Cancer immunotherapy approaches, designed to harness the body’s natural immune defenses to focus on and kill cancer cells, are showing great promise for cancer treatment and prevention. DNA vaccines can induce immunity through the delivery by an intramuscular injection of a sequence of synthetically designed DNA that contains the instructions for the immune cells in the body to become activated and target a particular antigen against which an immunologic response is wanted.
Despite being specific for cancer cells, cancer tumor-associated antigens generally trigger weak immune responses as a result of they’re recognized as self-antigens and also the body has in place natural mechanisms of immune acceptance, or “Tolerance”, that forestall autoimmunity and also additionally limit the efficacy of cancer vaccines. This is often the case of Wilm’s tumor gene 1 (WT1), a cancer tumor antigen that’s overexpressed in many varieties of cancer and possibly plays a key role in driving tumor development. vaccine approaches against WT1 thus far haven’t appeared promising because of immune tolerance leading to poor immune responses against cancers expressing WT1.
Wistar scientists have developed a unique WT1 deoxyribonucleic acid (DNA) vaccine employing a strategically changed DNA sequence that tags the WT1 as foreign to the host immune system breaking tolerance in animal models.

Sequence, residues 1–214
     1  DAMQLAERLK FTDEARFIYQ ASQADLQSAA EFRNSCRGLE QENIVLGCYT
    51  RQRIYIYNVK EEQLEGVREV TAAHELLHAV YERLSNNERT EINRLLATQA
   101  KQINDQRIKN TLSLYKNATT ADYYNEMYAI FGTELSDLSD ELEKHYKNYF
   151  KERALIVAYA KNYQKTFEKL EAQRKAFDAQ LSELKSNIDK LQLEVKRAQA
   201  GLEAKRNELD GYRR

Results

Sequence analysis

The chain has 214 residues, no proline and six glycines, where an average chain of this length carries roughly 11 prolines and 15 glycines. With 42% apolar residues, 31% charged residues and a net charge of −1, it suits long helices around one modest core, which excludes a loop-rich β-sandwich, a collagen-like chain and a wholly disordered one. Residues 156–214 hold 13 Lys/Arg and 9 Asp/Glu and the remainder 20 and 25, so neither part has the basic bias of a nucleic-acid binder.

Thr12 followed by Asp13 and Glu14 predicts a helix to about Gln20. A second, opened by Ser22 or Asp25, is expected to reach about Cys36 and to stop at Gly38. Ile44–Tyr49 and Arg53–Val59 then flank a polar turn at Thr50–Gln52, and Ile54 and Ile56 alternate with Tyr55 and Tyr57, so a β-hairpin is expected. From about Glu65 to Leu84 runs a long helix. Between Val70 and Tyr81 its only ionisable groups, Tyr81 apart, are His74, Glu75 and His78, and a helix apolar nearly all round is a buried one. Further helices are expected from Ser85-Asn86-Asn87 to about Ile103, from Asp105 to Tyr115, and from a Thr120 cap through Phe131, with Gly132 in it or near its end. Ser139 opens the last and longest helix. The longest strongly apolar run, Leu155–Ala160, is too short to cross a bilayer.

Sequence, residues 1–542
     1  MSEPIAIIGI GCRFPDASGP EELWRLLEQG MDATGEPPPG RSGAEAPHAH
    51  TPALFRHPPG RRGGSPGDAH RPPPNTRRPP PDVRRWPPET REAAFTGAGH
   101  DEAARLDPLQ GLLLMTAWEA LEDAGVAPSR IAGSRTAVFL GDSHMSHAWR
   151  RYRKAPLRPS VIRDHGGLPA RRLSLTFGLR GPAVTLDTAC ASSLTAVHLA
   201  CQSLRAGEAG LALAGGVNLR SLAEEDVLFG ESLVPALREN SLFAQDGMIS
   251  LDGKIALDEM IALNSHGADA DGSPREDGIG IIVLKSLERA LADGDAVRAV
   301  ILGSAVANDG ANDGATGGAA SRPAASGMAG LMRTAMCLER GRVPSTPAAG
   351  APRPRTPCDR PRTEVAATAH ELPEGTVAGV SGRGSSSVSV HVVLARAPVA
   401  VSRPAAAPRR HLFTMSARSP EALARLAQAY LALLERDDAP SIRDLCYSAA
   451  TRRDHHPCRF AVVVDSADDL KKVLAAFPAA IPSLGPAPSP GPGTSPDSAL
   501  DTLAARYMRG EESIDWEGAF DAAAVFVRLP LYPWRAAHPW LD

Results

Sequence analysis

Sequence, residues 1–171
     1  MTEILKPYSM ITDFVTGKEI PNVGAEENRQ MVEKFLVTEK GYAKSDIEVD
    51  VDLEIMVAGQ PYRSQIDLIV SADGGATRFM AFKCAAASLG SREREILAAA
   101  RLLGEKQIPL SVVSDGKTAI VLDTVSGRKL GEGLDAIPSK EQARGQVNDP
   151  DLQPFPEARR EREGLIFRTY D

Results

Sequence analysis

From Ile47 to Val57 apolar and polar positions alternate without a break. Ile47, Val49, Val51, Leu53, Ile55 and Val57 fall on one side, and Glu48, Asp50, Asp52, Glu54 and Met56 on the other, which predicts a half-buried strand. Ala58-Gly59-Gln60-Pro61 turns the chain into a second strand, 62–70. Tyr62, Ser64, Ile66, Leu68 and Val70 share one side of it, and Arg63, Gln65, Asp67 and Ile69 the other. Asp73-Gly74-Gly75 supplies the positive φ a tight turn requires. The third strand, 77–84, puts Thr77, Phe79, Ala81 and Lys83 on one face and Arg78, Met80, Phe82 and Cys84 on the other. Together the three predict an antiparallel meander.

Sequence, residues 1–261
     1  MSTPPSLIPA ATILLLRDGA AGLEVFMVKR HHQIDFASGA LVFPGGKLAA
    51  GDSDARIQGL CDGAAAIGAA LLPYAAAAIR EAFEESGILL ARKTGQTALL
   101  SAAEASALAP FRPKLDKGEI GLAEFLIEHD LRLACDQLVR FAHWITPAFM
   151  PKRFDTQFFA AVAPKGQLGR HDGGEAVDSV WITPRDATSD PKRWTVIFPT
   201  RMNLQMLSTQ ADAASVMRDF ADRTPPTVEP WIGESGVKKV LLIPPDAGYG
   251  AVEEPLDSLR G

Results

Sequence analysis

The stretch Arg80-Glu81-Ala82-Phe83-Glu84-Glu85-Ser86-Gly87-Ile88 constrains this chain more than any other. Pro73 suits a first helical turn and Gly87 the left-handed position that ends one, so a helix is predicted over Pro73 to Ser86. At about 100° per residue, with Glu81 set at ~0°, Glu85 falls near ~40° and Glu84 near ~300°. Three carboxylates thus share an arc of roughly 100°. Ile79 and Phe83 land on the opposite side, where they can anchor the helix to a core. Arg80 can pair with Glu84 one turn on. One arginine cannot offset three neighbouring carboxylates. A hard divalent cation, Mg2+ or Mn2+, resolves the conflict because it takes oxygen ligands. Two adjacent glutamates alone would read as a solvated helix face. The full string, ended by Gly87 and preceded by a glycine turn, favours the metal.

“This is an important time in the development of anti-DNA cancer immune therapy approaches. This team has developed an approach that may play an important role in generating improved immunity to WT1 expressing cancers,”said David B. Weiner, Ph.D., Executive Vice President and Director of the Vaccine Center at The Wistar Institute and the W.W. Smith Charitable Trust Professor in Cancer Research, and senior author of the study.”These immune responses represent a unique tool for potentially treating patients with multiple forms of cancer. Our vaccine also provides an opportunity to combine this approach with another immune therapy approach, checkpoint inhibitors, to maximize possible immune therapy impact on specific cancers.”
The team lead by Weiner has optimized the dna vaccine employing a artificial dna sequence for WT1 that, while maintaining a very high similarity with the native sequence, contains new modified sequences that differ from native WT1 in an attempt to render it more recognizable by the host immune system. The novel WT1 vaccine was superior to a more traditional native WT1 vaccine because it was able to break immune tolerance and induce long-term immune memory. Significantly, the vaccine also stimulated a therapeutic anti-tumor response against leukemia in mice.
Citation: Walters, Jewell N., Bernadette Ferraro, Elizabeth K. Duperret, Kimberly A. Kraynyak, Jaemi Chu, Ashley Saint-Fleur, Jian Yan, Hy Levitsky, Amir S. Khan, Niranjan Y. Sardesai, and David B. Weiner. “A Novel DNA Vaccine Platform Enhances Neo-antigen-like T Cell Responses against WT1 to Break Tolerance and Induce Anti-tumor Immunity.” Molecular Therapy, 2017. doi:10.1016/j.ymthe.2017.01.022.
Research funding: Inovio Pharmaceuticals, Inc. Basser Center for BRCA/Abramson Cancer CenterWeiner, W.W. Smith Charitable Trust Professorship for Cancer Research.
Adapted from press release by The Wistar Institute.
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